ricci di mare echinodermi riccio echinoderms sea urchin intotheblue.it
Sea urchins are part of the echinoderms, class Echinoids. The hedgehog (Paracentrotus lividus (Lamarck, 1816)) is a sea urchin of the Parechinidae family, often mistakenly referred to by the common name of female hedgehog. The common name derives from the erroneous belief that it is the female exemplar of Arbacia lixula, which is actually a different species.
Distribution and habitat
P. lividus is found throughout the Mediterranean Sea and in the eastern Atlantic Ocean from western Scotland and Ireland to the Azores, Canary Islandsand Morocco. It is most common in the western Mediterranean, the coasts of Portugal and the Bay of Biscay, where the water temperature in winter varies between 10 and 15 °C.
P. lividus is usually found just below low water mark at depths down to twenty metres and sometimes also in rock pools. It is found on rocks and boulders, and in seagrass meadows of Zostera marina and Posidonia oceanica. Although Cymodocea nodosa is a preferred food item, it is seldom found in meadows of this seagrass, perhaps because the shifting sand substrate does not suit it or because of pressure from predators. In fact it avoids soft substrates and can sometimes be found clustered on stones or shell “islands” surrounded by sand. In shallow or exposed waters it can use its mouth and spines to dig into soft rocks to create cavities into which it returns and in which it exactly fits. Where the urchins are numerous, the rock may be honeycombed by these excavations. Smaller individuals particularly use these retreats, which provide some protection from predators. In lagoons and rock pools, individuals are smaller than they are in the open sea. P. lividus is unable to tolerate low salinity. After exceptional quantities of rain fell in Corsica in the autumn of 1993, there was mass mortality of urchins in the Urbini Lagoon. However the urchin is relatively unaffected by organic pollution and heavy metals, in fact it flourishes near sewage outlets. There are wide swings in population densities over its range, which have not been completely explained.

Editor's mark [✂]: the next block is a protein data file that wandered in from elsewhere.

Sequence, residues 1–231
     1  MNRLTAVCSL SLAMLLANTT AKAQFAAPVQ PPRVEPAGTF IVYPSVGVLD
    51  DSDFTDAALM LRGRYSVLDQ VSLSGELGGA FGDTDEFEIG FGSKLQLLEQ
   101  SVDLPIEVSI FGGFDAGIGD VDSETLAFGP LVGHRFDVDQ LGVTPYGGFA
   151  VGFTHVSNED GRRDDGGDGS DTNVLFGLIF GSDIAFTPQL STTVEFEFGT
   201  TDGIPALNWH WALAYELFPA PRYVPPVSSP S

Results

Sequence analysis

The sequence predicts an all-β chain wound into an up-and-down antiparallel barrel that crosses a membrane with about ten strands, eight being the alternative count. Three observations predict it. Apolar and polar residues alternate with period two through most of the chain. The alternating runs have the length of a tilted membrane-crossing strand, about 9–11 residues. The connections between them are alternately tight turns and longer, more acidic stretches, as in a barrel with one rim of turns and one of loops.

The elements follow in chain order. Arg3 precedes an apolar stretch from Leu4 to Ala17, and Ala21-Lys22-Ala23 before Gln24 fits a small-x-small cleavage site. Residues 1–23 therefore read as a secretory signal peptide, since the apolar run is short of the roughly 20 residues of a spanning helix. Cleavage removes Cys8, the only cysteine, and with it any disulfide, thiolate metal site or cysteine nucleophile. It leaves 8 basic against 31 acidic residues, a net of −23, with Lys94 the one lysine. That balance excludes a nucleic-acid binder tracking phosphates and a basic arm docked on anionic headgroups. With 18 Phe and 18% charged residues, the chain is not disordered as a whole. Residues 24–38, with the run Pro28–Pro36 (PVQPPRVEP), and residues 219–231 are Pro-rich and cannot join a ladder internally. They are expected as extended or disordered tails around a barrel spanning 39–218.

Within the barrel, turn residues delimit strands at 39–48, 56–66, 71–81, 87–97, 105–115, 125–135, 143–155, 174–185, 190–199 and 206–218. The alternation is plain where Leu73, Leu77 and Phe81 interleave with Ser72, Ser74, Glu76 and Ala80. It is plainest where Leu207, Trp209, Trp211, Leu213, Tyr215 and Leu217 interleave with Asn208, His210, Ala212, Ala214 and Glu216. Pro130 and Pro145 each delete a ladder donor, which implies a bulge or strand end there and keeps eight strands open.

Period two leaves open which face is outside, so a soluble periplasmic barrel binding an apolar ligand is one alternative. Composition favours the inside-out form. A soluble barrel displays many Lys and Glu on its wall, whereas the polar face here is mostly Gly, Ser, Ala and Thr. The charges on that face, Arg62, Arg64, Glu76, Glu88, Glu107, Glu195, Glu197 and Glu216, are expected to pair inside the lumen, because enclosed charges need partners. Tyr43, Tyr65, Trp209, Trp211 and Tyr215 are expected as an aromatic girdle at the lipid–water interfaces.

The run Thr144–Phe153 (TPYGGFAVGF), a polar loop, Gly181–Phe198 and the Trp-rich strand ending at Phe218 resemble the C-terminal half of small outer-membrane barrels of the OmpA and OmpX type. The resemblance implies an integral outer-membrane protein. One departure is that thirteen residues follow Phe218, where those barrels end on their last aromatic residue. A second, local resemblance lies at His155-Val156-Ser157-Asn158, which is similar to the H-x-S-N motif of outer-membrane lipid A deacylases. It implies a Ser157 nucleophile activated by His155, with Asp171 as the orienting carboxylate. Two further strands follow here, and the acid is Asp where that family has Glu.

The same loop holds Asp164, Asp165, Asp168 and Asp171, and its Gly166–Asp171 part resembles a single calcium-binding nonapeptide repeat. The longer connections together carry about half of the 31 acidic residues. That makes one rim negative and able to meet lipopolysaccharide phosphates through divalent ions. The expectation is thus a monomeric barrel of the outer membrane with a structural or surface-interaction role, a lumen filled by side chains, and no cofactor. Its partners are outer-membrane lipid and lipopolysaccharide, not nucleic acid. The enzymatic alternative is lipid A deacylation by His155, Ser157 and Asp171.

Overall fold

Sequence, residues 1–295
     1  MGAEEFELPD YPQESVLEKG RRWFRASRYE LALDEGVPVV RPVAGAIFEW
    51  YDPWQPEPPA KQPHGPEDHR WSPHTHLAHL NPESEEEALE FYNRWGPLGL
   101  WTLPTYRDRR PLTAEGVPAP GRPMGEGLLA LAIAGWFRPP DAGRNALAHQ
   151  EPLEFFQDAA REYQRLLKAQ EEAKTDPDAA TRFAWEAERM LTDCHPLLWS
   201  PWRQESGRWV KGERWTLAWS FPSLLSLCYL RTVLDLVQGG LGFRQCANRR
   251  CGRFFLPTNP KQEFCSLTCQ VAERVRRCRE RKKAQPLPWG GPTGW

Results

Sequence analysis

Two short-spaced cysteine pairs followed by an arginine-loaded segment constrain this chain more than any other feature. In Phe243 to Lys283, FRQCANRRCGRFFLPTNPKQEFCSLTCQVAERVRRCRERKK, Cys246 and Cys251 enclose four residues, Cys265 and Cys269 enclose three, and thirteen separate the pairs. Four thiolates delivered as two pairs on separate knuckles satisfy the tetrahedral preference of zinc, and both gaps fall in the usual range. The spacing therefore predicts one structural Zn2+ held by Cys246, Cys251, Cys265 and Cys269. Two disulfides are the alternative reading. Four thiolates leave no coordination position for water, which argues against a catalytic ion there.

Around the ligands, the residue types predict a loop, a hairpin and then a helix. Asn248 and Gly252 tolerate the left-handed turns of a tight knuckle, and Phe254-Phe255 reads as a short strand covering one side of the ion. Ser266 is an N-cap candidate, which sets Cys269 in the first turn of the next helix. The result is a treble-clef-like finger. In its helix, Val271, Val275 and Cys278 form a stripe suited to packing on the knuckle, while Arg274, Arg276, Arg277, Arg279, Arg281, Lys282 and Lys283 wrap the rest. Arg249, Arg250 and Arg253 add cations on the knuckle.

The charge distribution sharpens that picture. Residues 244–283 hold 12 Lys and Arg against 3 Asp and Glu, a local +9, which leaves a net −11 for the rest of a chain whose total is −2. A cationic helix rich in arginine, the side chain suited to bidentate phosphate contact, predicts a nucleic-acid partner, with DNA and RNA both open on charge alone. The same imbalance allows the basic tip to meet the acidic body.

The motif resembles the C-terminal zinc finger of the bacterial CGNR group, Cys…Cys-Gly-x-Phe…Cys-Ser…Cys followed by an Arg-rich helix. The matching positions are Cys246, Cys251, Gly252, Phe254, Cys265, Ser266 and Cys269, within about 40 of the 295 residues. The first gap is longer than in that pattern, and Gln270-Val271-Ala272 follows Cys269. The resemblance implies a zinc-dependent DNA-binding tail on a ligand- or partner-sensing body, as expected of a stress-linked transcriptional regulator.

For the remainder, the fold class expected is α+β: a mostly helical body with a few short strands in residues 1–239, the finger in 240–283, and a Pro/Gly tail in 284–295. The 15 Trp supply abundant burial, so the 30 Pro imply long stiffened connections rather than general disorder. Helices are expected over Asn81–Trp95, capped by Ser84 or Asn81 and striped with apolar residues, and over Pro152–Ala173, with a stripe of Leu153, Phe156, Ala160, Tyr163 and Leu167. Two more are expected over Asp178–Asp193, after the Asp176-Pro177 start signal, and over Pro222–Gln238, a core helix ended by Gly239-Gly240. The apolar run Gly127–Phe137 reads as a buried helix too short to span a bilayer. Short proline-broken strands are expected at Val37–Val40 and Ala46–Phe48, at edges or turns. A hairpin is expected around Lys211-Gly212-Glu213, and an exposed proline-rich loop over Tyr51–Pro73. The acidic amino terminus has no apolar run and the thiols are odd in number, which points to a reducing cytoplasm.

The newly born hedgehog comes in the form of a small gelatinous larva of a few millimeters, bilaterally symmetrical, called pluteus, from whose body they branch off from 4 to 6 arms. This stage lasts from 4 to 6 weeks, during which the pluteus is transported by sea currents.
Like the other echinoderms, it has a pentariated symmetry.
It has a calcareous skeleton, improperly called shell, which can reach 7 cm in diameter, equipped with long movable quills and, on the ventral surface, many small extroversions with suction ends, called ambulacral pedicels, which allow them to move. The coloring can be of various shades of purple, brown and greenish.
The buccal apparatus consists of 5 mobile skeletal elements, each provided with a tooth.
To breathe, use small gills that continuously pump water.
It feeds on algae but also on small animals and sponges, and is among the few organisms able to feed directly on the Posidonia oceanica leaves mainly at night. Even if it lives in the less deep and therefore brighter areas, it needs shade and then covers itself with pieces of Posidonia, pebbles and shells, which are held in place with the suction cup peduncles.